The bad always strikes me as a consequence of not using portions of one's mind, either because the environment has turned it off (being born into a white supremist household, for example), or it has simply not been turned on by, for example an education in science and/or reasoning. Or likely more commonly, being born into or captured by a religion of a cultish nature, namely that the wisdom of a "wise one" comes to dominate comes to dominate or control one's thinking

I had what I think is a not unusual experience this thanksgiving where in the absence of any other discussion topic, I started my rant about my amazment of the discovery of gravity waves. My friend, who is in my mind a fundamentalist in his religion, had no reaction whatsoever as if (I conjectured) his religion;s view of the cosmos dismissed any other view. So there was not even a politie "that's amazing."

My premise is that however I got this brain, by accident or from god or from some as yet unknown property of the cosmos, that I should use it, intelligently. Namely, use my reasoning ability to connect whatever new I have heard to everything relsative I can think of and decide whether this is something new worth considering all within the understanding that science is as limited in religion in answering the most basic "why" questions.

Reciprocity seems a bit of a mystery, yet its logic is inescapable. It is written about intelligently yet its association with the"golden rule" seems to relegate it to a role in bedtime stories. Yet in quick succession this reference from MIT: The Power of Reciprocity: Fairness, reciproccity, and stakes in variants of the dictator game, by Andreas Diekmann of the Swiss Federal Institute of Technology appeared in a search followed by an e-mail from the New Yorker.

The New Yorker story about Ron Shaich, founder of Panera Bread, is a very old story to me, but may be the most relevant of all at this time in our history. I quote one paragraph:

"Over the last few years, however, Shaich has come to believe that the current business environment is far less amenable to the process of building companies like his. Wall Street has embraced the idea that companies exist solely to serve the holders of their stock. Under this way of thinking, managers of companies should focus their actions on driving short-term value for their shareholders, and should pay far less (or no) regard to other constituents who may have a stake in the business, such as employees, customers, or members of the community. Shaich partly blames activist hedge funds, many of which buy shares in companies with the aim of pushing their management to make decisions that drive their stock prices up within a few months. According to Shaich, this makes it more difficult to invest in long-term projects, and create sustainable jobs."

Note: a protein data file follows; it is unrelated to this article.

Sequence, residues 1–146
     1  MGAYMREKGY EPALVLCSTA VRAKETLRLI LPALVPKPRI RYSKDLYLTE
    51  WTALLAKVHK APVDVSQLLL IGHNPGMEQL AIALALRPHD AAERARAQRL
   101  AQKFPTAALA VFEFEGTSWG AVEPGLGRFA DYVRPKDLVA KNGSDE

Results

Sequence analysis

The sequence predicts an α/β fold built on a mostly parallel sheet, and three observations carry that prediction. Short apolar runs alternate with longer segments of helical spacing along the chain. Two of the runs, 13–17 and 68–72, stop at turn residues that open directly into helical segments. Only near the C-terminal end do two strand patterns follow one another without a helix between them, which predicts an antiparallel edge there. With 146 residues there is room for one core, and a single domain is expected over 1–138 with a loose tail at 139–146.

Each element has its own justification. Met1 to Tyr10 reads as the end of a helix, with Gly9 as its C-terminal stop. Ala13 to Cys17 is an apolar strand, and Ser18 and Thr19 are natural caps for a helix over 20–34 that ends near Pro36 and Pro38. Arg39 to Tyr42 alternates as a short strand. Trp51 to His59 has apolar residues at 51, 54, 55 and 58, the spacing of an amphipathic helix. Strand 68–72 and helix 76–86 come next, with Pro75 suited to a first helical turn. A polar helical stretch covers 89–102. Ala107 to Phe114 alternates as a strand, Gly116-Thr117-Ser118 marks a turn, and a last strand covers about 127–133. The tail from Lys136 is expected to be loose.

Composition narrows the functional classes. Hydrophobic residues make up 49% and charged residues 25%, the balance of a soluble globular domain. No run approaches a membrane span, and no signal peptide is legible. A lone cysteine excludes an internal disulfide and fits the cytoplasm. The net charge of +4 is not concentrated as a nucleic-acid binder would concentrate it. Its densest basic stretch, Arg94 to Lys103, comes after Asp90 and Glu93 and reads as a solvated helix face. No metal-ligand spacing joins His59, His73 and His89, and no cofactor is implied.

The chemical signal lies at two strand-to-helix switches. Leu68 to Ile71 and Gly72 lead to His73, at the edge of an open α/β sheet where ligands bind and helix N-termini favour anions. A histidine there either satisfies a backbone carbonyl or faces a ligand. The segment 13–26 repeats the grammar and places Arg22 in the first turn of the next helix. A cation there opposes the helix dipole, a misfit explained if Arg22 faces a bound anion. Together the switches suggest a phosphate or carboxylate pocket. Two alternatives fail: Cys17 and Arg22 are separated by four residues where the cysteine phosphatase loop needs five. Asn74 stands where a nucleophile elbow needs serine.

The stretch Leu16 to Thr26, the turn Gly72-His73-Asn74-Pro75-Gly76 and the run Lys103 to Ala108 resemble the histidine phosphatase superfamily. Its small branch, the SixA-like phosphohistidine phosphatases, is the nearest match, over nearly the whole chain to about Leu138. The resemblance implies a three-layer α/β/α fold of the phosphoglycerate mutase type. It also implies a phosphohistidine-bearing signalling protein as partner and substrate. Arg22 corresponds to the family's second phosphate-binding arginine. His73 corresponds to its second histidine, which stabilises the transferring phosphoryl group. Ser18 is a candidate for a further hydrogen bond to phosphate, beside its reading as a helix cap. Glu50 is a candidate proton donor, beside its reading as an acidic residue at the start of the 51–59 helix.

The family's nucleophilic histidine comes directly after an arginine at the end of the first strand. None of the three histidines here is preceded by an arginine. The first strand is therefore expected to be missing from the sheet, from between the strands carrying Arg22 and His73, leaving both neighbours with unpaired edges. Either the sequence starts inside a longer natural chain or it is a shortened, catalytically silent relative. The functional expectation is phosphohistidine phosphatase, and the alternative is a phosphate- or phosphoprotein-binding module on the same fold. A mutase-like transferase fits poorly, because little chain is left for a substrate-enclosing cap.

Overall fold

The modern economics Shaich speaks of is "shareholder value." I have had two intimate experiences with shareholder value.

The latter one was in the 1990s when my tiny fine art photography company, Photographic Arts LLC, was purchased by a group of angle investors who had started a fine art photography printing company called EverColor. It was based on a process from Agfa of Belgium called Agfa proof. Its methods lent themselves to extraorder print quality and lightfastness, both very desirable and necessary as photographic printing was going digital. The senior investor became aware of my work and offered me the pocition of CEO. I accepted despite it being a compasny near Sacramento and my not willing to relocate.

The short version of the story is we relocated the company to Worcester, massachusetts, Agfa found their Agfa proof business becoming obsolite due to digital and they ceased making the special materials we needed.

However, in the few years that we strugg;ed to make a go of it, the chairman of the inventors informed me that the only thing that mattered was "sharholder vale. In the end that simply meant that when the materials stopped coming EverColor Fine Art (as it was then known) simply declared bankruptcy and skipped town, with no concern for unpaid bills, which ould have been easily paid."

The earlier expereience beginning in 1959, was the more important.

My first course in electrical engineering was taught by Professor Amar Bose and was the first course that he taught at MIT. He was most impressive and when I decided that my master's work in solid state physics was not for me, I had the ephiphany of pursuing my first love, reproduced sound and music, and so I knocked Prof. Bose's door since he was the only faculty to my knowleddge working in sound. That was 1964. I joined his group, he became my faculty advisor and when I opted out of doing a dissertation fo finish my PhD he took all of 20 seconds to offer me a job, as the 5th employee of Bose Corporation. I sayed for 23 years before going on to photogrphy.

We had countless discussions over public vs private companys and the focus of shareholders of of public companies on shareholder profits and this was the 1970s and the consequent loss of control in making products that did not ppay back quickly. The salient example being the Bose custom car stereo systems. Bose Corporation is still privately held.

The expeerience for me was straighforard: make the best product you can within a broad range and then we will price it. Halaluya! We did good work and it because crystal clear to me that making a quarterly profit rather than shooting for long term success was a stupid as anything could be. When I left in 1990 the company's sales were in the $5 billion dollar range.